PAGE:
Black holes from prediction to detection

On 14 September 2015, the LIGO/VIRGO instruments detected the first statistically significant signal of a gravitational wave passing through Earth, one hundred years after the publication of the theory of General Relativity. The signal was identified as originating from the merger of two stellar black holes orbiting each other. Black holes, since their theoretical conception from Albert Einstein and Karl Schwarzschild, have played an integral role both in theoretical physics and later on in astronomy and astrophysics. 

Currently, black holes are thought to be important, both as probes of the most extreme regime of gravity, but also as regulators of their environments both on stellar and galactic scales. Nature journals have published key results relating to black holes, including some of the most highly cited papers in astronomy. This collection showcases the presence of black holes in scientific research over the last 50 years and the evolution of our understanding of black holes in astronomy and astrophysics. 

In the Research tab, you will find a collection of some of the most important discoveries relating to black holes that were published in Nature journals. From the association of black holes to the most luminous galaxies in the Universe, to Hawking radiation, and quantum black holes, this tab offers a slice of some of the most exciting research in astronomy.

In the News, Views and Comments tab, you will find the reaction of the community to what today is considered rather commonplace knowledge. What would happen if one lowers a rope with a mass tied to its end inside a black hole? Why is the detection of gravitational waves such an important breakthrough? Click through to find more.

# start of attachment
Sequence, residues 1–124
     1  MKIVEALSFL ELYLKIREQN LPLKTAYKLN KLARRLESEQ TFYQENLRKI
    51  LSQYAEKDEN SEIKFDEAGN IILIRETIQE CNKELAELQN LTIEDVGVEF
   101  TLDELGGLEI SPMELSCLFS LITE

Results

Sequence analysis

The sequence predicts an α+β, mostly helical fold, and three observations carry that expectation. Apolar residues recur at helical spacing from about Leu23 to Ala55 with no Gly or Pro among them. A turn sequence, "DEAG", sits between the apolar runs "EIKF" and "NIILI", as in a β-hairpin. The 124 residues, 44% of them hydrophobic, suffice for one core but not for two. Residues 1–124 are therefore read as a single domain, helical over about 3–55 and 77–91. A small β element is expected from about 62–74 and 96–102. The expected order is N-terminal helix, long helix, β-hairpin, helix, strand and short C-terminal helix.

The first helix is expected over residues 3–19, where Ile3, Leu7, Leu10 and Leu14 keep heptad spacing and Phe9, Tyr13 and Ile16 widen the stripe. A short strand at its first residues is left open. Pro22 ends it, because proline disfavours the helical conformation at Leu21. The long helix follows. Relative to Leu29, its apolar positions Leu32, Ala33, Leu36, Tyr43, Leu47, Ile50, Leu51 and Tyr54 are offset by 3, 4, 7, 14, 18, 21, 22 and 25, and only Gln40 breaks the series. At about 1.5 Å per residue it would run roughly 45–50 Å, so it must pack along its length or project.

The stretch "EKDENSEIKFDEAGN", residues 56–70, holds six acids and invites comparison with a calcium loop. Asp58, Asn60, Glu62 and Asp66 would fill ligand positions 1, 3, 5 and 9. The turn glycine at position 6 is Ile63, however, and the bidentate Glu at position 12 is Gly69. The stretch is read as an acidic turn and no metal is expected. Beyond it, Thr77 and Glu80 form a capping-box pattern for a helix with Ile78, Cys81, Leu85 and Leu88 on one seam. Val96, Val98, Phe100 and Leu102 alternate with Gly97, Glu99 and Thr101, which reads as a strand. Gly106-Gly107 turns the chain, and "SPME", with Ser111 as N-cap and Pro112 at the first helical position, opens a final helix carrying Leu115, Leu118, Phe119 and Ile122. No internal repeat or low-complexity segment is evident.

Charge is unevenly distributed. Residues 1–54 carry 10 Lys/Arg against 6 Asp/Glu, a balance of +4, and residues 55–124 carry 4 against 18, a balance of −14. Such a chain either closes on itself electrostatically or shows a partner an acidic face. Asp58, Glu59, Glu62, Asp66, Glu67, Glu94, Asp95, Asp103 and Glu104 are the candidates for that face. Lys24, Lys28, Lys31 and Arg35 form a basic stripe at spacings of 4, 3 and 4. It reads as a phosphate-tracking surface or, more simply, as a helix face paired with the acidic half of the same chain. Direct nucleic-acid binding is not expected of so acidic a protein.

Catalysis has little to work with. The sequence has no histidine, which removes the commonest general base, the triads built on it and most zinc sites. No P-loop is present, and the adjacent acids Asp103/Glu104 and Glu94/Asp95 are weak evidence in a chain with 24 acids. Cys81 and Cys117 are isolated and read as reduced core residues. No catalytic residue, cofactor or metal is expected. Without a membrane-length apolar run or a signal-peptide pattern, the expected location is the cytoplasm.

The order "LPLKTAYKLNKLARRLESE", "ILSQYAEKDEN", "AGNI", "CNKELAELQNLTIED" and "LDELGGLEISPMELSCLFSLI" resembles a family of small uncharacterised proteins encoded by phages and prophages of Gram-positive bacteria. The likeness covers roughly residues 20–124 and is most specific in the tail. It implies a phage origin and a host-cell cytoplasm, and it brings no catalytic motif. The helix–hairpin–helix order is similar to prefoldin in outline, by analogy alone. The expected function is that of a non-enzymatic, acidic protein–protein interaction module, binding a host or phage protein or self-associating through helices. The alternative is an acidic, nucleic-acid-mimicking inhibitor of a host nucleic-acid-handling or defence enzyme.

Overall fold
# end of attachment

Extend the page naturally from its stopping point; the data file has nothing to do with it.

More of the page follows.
In the Theory and Predictions tab, you will find papers that have dealt with black holes on a theoretical level, making predictions about both the observational signatures of black holes and the properties of the black holes themselves. Despite their blackness, black holes power some of the most luminous objects in our Universe through the accretion of matter and the gravitational release of energy.

Black holes come in all sizes (and potentially shapes). In the Quantum to stellar black holes tab, we take a closer look at black holes with small masses (up to a few hundred or thousand solar masses). These can be found scattered around galaxies, the end product of stellar evolution, and even presumably in the primordial Universe, products of quantum fluctuations and extremely high-energy processes.

Milky Way and beyond takes a step back and looks at the most massive black holes we currently know. From the black hole hiding at the centre of our very own galaxy to the giant black holes found in other galaxies in our local Universe and beyond. In this tab, you will find papers about stars being destroyed by black holes, the evidence for a black hole at the centre of the Milky Way, the missing intermediate-mass black holes and even systems of binary supermassive black holes whose gravitational wave signature will eventually be observed by LISA.

News, Views and Comments